ICL’s vision of creating an impact for a better and sustainable future means we put much time and effort into developing ties with the local communities we operate within, sharing the variety of human and technical resources available to us. Volunteer work has become integral to our activities everywhere in the world. It is our way of creating direct and personal contact with members of local communities, strengthening those communities, and empowering our employees to take action, get involved, follow their hearts and help anyone in need. The consistent volunteering of our employees results in a lasting impact for the many they have been able to help over the years, as well as for themselves. Many ICL employees find that volunteer work increases their general well-being so much that they become long-term volunteers.
We love sharing the many inspirational stories of dedicated ICL volunteers, and they willingly share their different, exciting experiences. One such story is the recent account of Heiko Deutschmann, Educational Trainer Electrical Engineering, who has been a part of the Frankenthal Volunteer Fire Brigade since 2016. Heiko had his first relief mission on July 17 in Mayschoss, a district of Ahrweiler Rhineland Palatinate, the area hit hardest by the disastrous flooding which had occurred a day earlier.
The consequences of the flood sweeping through such a vast area were devastating. Entire towns were buried under debris, infrastructure collapsed, large residential and agricultural areas were turned into mud-brown lakes. Because the main road no longer existed – torn away by the rushing water – the fire engines had to make their way through the forest to get to the village. Heiko and his troop tackled the places where help was needed.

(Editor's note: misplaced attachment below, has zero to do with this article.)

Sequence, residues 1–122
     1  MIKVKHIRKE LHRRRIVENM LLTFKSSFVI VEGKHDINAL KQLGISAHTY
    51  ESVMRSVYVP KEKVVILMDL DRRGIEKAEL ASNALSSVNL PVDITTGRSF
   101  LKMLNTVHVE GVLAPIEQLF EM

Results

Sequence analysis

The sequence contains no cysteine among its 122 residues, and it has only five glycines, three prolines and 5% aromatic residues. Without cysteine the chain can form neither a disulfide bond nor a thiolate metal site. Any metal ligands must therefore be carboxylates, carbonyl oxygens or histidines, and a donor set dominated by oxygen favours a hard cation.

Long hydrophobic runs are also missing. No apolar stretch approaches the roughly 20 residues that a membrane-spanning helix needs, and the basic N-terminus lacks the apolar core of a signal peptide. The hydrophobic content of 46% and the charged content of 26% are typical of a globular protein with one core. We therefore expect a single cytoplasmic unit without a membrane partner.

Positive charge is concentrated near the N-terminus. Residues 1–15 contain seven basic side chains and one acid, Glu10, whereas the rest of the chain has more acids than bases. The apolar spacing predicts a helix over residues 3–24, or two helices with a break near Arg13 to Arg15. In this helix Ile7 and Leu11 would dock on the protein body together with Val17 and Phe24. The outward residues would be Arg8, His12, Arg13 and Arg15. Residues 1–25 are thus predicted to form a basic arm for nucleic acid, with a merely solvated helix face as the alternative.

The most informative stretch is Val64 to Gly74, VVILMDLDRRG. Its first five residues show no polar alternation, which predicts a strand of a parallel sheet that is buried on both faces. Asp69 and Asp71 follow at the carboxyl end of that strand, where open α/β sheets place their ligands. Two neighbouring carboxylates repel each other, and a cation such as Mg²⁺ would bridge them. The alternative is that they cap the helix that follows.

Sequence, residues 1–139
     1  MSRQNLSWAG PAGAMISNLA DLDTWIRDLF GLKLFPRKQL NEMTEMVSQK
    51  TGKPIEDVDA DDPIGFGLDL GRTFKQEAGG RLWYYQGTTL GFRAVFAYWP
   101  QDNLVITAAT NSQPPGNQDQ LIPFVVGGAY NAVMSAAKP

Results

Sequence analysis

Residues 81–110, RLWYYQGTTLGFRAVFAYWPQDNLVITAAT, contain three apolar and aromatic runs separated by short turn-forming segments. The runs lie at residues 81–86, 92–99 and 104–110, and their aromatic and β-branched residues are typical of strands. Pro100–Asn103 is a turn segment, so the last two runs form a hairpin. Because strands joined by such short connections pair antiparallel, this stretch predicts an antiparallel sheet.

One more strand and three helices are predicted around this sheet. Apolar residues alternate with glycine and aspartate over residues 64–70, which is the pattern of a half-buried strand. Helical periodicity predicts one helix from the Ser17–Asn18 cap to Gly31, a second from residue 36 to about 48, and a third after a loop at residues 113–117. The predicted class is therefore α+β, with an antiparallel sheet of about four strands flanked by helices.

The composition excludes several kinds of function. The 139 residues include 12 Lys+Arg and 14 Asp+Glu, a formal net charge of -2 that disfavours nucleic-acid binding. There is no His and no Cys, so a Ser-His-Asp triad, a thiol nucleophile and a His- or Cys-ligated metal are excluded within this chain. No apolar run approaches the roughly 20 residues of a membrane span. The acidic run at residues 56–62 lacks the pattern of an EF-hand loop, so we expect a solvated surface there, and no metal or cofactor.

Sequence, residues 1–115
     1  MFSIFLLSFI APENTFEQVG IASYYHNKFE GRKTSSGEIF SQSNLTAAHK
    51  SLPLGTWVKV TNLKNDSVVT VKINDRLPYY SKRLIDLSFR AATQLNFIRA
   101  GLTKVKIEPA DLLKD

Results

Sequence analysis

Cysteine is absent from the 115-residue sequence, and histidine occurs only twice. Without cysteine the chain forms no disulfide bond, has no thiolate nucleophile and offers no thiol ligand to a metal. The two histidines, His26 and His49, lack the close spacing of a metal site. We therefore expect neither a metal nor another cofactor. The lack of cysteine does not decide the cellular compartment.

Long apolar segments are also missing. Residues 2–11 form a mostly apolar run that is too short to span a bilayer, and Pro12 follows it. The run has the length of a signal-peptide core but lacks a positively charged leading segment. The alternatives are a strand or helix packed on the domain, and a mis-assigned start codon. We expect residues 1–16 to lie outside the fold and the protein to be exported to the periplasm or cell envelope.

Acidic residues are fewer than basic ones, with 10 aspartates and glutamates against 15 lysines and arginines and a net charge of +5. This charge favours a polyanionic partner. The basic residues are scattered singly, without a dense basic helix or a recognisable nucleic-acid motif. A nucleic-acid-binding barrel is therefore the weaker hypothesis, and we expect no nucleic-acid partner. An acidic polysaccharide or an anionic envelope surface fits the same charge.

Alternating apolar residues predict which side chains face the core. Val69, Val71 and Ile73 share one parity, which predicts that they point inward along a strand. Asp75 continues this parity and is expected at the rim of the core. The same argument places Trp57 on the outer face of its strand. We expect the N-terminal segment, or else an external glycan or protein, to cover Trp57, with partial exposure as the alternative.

Heiko’s second assignment took him and BKG trainee Michael Pohland (electronics technician) to Mayschoss again on July 27. Loaded with many useful items – shovels, gloves, safety shoes and glasses, extension cables (put together by colleague Noel Menningen in Ladenburg), they braved the treacherous and alien landscape of the disaster area, the giant muddy sinkholes and mountains of debris swept against hills and houses.
On July 28-30, Heiko was once again on duty with the fire brigade in Dernau, pumping 70,000 liters of heating oil from the tanks of local houses. “I will always remember the good feeling of being able to help, but also the description of a 93-year-old survivor for whom conditions were worse than during the war,” says Heiko, summarizing his impressions.
Residents of the area are going through an indescribable ordeal, the elderly and children among them, and people like Heiko must have the means, the time, and tools to volunteer and help those who need it most.